Friday 25 January 2008

Fathers and brothers

Yes, the second funeral this week. Both ladies whom I'd known for many years, although Monday's was the closer friend, both aged 79, both died of natural causes after some years of failing health. Margaret, who was buried on Monday, was the only person outside the family that the Sage told about the baby, until this week.

There were two elderly priests at Mary's funeral today, whom I didn't recognise until I noticed a family resemblance. I knew that her late father and late husband had both been clerics, but I didn't know that both her brothers were too. They, with one of our local ministers, conducted the funeral service, which must have been unimaginably hard for them. I was startled when a family member went to the lectern to read the prayers - and he too was wearing a dog-collar. Rather Higher Church than us, I suspect - one of the brothers referred to our minister as 'Father', which many Anglicans don't do. As he said the final blessing I could hear the strain in his voice, and his eyes were filled with pain, though not with tears.

It's cold here today - I'd planned to cycle the three miles or so to the church, but changed my mind when I heard the whistle of the north wind down my bedroom chimney. I'm making minestrone soup this afternoon, and would like to add some tomatoes. I have none, fresh or tinned, and was going to cycle in - but I'm wearing a skirt and it takes an awful lot to get me to change during the day. I'm far too lazy. And cold. Upstairs is cold. I put on a coat when I go to clean the bedrooms, and I belt across the landing at top speed between bath and bed. The Sage strolls. I have to warm him every night. He is too polite to put his cold hands on me, but I insist. I tuck them between my elbow and waist to warm him. If I wake in the night, it's I who am cold, and then he takes my feet and brings them back to life.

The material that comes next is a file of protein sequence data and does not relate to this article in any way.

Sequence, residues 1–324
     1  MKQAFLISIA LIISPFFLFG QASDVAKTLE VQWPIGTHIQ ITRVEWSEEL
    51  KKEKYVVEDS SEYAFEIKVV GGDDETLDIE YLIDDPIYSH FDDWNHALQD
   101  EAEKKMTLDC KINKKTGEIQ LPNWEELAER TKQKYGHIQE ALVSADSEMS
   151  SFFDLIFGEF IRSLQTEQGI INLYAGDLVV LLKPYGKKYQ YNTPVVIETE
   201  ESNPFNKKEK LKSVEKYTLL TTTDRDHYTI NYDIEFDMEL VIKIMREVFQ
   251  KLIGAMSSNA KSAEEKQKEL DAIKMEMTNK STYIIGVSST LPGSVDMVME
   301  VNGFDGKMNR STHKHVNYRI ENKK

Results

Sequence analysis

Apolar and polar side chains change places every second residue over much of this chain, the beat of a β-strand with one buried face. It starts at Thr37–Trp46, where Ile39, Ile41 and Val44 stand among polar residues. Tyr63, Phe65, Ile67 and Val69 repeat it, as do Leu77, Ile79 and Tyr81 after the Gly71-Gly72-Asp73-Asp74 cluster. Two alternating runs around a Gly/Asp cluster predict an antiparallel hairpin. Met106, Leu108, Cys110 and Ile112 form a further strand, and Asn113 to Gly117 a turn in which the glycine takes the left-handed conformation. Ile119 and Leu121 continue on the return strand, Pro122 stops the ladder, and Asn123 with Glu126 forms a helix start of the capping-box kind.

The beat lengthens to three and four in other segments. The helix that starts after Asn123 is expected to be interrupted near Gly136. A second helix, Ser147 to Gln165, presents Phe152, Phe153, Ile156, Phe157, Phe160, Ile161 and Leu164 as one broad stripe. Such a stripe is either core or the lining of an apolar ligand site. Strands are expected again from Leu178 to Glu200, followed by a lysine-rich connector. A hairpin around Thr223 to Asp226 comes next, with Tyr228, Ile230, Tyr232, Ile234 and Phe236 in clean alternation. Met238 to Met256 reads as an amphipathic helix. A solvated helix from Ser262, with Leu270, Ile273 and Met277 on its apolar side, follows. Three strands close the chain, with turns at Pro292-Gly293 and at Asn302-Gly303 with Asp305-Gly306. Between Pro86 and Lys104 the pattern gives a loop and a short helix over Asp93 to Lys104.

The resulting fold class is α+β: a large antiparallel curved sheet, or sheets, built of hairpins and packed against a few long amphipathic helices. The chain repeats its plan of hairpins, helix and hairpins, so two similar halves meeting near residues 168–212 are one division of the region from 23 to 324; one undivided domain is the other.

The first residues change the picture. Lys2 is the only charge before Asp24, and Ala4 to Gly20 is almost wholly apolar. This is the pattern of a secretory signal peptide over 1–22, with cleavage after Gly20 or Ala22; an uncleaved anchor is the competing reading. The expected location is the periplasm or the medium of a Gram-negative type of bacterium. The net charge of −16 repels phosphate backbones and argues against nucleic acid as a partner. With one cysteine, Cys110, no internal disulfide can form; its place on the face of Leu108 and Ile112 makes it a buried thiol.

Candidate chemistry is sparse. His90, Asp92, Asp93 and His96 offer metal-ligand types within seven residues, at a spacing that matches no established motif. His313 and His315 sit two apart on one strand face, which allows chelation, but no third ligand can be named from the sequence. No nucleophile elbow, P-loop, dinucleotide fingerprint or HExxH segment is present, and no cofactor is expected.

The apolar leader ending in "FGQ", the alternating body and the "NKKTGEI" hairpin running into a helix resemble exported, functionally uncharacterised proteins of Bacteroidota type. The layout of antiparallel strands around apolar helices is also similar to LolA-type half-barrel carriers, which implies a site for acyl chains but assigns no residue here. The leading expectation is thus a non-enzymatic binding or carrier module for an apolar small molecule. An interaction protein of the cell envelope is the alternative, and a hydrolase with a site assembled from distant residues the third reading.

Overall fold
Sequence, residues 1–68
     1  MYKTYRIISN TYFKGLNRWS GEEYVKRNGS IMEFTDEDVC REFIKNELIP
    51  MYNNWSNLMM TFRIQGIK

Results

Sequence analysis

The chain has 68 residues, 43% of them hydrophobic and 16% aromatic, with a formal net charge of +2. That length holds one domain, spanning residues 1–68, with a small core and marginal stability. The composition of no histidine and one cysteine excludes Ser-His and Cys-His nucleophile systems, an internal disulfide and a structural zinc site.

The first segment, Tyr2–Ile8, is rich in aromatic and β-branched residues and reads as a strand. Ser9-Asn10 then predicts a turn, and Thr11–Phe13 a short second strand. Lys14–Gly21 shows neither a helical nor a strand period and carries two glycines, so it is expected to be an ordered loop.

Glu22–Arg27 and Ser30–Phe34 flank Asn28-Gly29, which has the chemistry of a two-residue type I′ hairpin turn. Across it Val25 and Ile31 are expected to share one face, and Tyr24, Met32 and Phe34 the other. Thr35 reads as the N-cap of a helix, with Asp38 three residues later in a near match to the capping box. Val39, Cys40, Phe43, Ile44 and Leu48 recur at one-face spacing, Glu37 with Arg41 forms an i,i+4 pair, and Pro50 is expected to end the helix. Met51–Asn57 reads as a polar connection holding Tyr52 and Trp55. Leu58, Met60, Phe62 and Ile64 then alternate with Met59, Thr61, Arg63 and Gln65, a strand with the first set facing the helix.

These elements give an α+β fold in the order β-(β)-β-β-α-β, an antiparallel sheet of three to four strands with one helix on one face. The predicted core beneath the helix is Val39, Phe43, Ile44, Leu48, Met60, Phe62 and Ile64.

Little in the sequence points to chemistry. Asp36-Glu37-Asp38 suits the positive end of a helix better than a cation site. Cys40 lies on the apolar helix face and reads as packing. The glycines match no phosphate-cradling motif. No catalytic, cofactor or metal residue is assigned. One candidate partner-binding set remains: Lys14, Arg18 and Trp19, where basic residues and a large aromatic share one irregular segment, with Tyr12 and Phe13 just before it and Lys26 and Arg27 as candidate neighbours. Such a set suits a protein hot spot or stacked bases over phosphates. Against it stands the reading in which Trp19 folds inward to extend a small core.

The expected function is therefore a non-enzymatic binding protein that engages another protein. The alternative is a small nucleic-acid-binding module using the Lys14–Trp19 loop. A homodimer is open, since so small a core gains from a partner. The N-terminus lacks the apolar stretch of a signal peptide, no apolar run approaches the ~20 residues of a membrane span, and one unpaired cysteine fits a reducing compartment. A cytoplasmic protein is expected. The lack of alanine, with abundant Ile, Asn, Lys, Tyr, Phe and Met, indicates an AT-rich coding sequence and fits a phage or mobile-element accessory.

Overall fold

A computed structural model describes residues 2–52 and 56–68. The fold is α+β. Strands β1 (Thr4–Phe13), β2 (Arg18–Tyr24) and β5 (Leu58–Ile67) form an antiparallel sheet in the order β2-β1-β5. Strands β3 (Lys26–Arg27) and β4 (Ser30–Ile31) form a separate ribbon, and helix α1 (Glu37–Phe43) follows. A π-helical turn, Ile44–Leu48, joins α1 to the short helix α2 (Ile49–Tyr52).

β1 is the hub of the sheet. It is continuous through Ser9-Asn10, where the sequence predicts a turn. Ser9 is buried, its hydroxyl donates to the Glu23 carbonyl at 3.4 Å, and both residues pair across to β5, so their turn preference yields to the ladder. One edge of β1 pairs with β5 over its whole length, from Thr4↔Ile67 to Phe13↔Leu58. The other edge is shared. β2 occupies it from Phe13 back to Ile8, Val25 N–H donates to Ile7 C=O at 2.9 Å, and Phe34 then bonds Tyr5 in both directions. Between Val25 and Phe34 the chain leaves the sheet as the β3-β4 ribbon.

Dave said...

I took my father's funeral. It was the last thing I could do for him, and at least I knew it would be done right.

It is hard though.

Z said...

It is a demonstration of great respect and love, but must call on all reserves of self-control. In this case, they did not give the eulogy, which was probably wise. They are both quite old and it was a great strain for them as it was.

luckyzmom said...

This brings up some sad memories of my Mom's and then my step-Dad's funeral. "It was the last thing I could do for" them rings true for me too.